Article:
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- 2004 - December - 27th -

Remember Dan Quiggle?

Bradley Parsons

In politics and in business, Dan Quiggle thinks big.

The president and CEO of America’s Choice Title Company in Jacksonville Beach surprised many of the locals in his beloved Republican Party when he took on Ander Crenshaw in 2000 for Tillie Fowler’s vacated congressional seat.

But four years after that humbling defeat, Quiggle once again has his sights set high. Now he wants to turn his real estate transaction firm into the State’s largest.

No small feat to be sure, but Quiggle thinks it can be done through the combination of a skilled staff and a focus on customer service.

“It’s important to treat people right,” said Quiggle. “Even though it is just a closing, it is a very exciting experience for people. Whether you are buying a first home, a new home or refinancing. You don’t do that often in life, and to have someone who cares about it and makes it a pleasant experience is important.”

Turning a real estate transaction into an enjoyable experience doesn’t happen by accident. Quiggle greets his clients at his Marsh Landing office with cappuccino or cafe’ lattes served with cookies and sandwiches.

Customer service has been the company’s focus since he and co-founder W. Douglas Smith first conceived the venture two years ago during a game of tennis.

Smith brought 25 years of legal and real estate experience with him to Jacksonville Beach when he arrived from Atlanta shortly before America’s Choice was born.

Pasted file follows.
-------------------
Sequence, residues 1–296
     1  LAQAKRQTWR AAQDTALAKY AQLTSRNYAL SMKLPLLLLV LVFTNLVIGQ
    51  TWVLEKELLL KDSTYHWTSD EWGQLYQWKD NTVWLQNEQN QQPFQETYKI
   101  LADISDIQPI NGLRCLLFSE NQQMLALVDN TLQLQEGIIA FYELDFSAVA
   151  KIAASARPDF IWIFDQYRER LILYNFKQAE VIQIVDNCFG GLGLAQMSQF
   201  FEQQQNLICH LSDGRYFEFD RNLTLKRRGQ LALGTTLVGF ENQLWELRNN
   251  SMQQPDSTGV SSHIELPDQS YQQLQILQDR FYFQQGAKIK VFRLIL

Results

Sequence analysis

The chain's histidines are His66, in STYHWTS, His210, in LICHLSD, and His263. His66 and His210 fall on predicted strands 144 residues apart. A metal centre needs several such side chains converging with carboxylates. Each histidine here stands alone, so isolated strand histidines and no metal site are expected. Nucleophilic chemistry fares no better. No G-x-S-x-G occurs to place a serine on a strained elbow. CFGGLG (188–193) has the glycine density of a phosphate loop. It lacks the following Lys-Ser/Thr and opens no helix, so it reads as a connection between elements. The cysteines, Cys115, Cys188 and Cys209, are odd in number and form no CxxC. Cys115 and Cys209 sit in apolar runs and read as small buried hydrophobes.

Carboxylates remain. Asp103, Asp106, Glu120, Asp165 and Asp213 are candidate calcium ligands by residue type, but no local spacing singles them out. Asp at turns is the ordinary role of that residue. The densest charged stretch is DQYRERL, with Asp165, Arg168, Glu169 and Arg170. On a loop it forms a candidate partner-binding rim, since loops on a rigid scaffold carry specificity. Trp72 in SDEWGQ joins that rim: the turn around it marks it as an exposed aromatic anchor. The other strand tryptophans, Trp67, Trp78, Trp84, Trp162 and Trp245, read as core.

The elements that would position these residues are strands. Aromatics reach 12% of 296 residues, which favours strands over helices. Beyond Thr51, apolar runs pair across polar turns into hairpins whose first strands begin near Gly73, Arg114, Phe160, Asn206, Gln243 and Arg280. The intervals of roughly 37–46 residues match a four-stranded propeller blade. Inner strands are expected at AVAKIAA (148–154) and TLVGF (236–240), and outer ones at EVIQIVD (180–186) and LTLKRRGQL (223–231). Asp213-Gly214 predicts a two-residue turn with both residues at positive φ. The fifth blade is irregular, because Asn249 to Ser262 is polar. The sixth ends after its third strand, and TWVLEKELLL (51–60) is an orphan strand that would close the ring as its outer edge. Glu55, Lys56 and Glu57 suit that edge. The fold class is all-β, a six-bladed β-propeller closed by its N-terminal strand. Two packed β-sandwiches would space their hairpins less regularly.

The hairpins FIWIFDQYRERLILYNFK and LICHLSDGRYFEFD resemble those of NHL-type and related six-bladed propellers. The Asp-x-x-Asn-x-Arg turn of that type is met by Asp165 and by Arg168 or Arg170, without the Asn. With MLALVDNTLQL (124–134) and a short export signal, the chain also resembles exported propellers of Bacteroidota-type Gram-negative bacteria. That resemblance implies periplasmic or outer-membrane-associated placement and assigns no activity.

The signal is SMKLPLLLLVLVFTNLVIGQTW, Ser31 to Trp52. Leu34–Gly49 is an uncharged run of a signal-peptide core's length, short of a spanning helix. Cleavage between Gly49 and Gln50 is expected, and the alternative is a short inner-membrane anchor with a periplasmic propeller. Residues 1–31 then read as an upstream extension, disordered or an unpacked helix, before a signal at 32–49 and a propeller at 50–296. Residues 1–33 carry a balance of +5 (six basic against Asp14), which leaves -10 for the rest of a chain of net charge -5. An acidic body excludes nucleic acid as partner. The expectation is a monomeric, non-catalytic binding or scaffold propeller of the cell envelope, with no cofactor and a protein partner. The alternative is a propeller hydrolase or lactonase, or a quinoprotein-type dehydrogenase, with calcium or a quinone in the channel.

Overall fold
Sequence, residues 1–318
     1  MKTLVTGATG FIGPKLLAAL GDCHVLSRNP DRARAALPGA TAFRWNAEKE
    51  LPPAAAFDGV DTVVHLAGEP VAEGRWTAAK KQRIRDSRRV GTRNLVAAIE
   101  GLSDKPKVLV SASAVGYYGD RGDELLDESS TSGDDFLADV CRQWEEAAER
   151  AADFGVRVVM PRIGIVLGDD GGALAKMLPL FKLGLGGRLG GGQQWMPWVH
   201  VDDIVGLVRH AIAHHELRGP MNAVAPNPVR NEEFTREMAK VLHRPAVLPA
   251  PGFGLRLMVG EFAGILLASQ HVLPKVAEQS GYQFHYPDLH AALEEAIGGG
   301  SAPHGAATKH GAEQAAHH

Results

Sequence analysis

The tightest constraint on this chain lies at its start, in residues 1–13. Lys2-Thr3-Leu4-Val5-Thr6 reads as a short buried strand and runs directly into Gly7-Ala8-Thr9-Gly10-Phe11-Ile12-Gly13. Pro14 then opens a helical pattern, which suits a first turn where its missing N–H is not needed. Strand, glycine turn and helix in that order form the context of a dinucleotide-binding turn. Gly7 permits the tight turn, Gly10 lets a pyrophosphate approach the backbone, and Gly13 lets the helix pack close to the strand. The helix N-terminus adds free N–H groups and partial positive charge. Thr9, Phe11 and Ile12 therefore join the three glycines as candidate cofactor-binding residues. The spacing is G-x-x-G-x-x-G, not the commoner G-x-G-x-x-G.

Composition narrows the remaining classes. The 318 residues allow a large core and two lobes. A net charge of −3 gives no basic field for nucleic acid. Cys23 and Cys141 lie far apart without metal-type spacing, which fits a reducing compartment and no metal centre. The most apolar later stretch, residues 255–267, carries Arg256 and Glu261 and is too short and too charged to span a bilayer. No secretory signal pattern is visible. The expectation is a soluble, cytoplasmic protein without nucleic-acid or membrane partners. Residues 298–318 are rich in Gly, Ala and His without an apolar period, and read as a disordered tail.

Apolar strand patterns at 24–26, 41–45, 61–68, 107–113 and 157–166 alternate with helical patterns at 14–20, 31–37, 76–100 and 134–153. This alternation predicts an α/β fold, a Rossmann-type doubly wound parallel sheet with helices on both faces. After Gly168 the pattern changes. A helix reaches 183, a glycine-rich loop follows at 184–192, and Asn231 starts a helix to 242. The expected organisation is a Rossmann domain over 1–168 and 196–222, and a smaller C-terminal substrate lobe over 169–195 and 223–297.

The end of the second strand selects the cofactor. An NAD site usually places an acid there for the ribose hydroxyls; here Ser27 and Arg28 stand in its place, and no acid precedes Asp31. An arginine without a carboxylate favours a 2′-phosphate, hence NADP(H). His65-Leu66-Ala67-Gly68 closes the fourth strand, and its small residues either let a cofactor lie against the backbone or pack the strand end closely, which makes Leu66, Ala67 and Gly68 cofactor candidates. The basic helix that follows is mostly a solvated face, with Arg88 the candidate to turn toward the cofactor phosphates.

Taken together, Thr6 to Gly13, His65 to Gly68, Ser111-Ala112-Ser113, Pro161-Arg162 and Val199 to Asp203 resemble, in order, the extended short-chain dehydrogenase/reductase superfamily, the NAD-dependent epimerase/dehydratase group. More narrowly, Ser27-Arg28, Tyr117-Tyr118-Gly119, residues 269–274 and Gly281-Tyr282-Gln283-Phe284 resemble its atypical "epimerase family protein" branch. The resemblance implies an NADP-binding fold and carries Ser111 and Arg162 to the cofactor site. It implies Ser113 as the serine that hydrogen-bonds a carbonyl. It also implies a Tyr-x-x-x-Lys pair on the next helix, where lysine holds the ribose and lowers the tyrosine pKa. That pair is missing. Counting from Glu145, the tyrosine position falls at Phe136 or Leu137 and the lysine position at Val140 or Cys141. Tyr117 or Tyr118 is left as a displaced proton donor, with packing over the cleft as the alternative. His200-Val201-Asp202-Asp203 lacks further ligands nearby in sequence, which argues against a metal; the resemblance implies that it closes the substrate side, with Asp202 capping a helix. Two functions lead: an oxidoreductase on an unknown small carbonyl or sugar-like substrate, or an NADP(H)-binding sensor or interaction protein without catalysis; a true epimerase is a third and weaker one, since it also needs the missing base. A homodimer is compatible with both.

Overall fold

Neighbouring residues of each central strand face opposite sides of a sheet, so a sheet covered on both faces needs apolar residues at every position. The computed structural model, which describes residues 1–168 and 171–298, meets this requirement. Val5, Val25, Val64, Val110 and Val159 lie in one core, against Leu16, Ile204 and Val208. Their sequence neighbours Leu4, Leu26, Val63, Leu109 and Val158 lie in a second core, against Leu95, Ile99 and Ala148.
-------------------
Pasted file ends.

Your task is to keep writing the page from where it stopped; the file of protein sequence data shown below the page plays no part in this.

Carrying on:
Having an experienced hand like Smith as partner, general counsel and a board member gives the company experience on par with some of the country’s largest firms without losing the personal touch of a smaller firm, said Quiggle.

Whether or not that will be enough to move America’s Choice to the top of Florida’s class of title firms remains to be seen. Quiggle has been accused of biting off more than he could chew in the past.

That appeared to be the case in 2000 when Quiggle ran in the Republican Party primary against Crenshaw for an open seat in the U.S. House of Representatives. News coverage consistently referred to him as the “political unknown” running against the former Florida Senate president Crenshaw.

Quiggle set his sights on 24,000 votes. That was what he needed, he thought to win the primary. After months of tireless campaigning, Quiggle almost reached his goal, garnering more than 20,800 votes. Just one problem: Crenshaw more than doubled that number, pulling in nearly 48,000 votes and about 70 percent of the vote.

Looking back, Quiggle thinks he picked a tough time to run a newcomer’s campaign. Voter turnout was higher than expected due to the Better Jacksonville Plan’s appearance on the ballot.

“But don’t let me take anything from Ander because he is a great guy. He is a great representative and we were pretty much on the same side on most of the issues. It is hard to run against someone in that situation,” he said.

Despite the defeat, Quiggle said he would run again given the right circumstances. If that seems optimistic, consider Quiggle’s mentor — he learned his boundless enthusiasm working as an intern for former president Ronald Reagan.

Quiggle wasn’t even finished at UCLA when he got the offer to work in the Los Angeles offices of the former president–and Quiggle’s boyhood hero. It was an offer that Quiggle, the president of the UCLA Young Republicans Club, didn’t have to think about twice.

Quiggle said he was fortunate to work with Reagan after he left office. Removed from the official duties of the White House, Reagan had more time to spend one-on-one with his staff.

Quiggle was most struck by the way the former president treated people. School kids were afforded the same treatment as visiting heads of state. That’s where Quiggle’s own approach to customer relations was formed.

“I learned that it’s all about people and making sure they are satisfied,” he said.

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